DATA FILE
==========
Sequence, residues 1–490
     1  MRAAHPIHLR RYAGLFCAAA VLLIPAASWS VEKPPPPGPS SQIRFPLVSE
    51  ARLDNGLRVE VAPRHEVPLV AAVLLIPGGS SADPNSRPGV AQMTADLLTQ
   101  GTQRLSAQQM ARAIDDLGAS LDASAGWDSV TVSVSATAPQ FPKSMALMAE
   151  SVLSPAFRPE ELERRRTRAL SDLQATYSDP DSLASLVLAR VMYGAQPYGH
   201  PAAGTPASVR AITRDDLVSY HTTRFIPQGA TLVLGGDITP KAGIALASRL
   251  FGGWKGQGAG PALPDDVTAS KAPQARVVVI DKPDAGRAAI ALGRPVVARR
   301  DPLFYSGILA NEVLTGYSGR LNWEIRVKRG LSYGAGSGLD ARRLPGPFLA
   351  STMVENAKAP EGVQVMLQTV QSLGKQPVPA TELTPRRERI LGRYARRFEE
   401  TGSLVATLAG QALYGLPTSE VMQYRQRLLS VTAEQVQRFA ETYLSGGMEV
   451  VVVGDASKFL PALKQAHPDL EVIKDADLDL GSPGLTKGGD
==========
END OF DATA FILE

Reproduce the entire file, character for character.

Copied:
Sequence, residues 1–490
     1  MRAAHPIHLR RYAGLFCAAA VLLIPAASWS VEKPPPPGPS SQIRFPLVSE
    51  ARLDNGLRVE VAPRHEVPLV AAVLLIPGGS SADPNSRPGV AQMTADLLTQ
   101  GTQRLSAQQM ARAIDDLGAS LDASAGWDSV TVSVSATAPQ FPKSMALMAE
   151  SVLSPAFRPE ELERRRTRAL SDLQATYSDP DSLASLVLAR VMYGAQPYGH
   201  PAAGTPASVR AITRDDLVSY HTTRFIPQGA TLVLGGDITP KAGIALASRL
   251  FGGWKGQGAG PALPDDVTAS KAPQARVVVI DKPDAGRAAI ALGRPVVARR
   301  DPLFYSGILA NEVLTGYSGR LNWEIRVKRG LSYGAGSGLD ARRLPGPFLA
   351  STMVENAKAP EGVQVMLQTV QSLGKQPVPA TELTPRRERI LGRYARRFEE
   401  TGSLVATLAG QALYGLPTSE VMQYRQRLLS VTAEQVQRFA ETYLSGGMEV
   451  VVVGDASKFL PALKQAHPDL EVIKDADLDL GSPGLTKGGD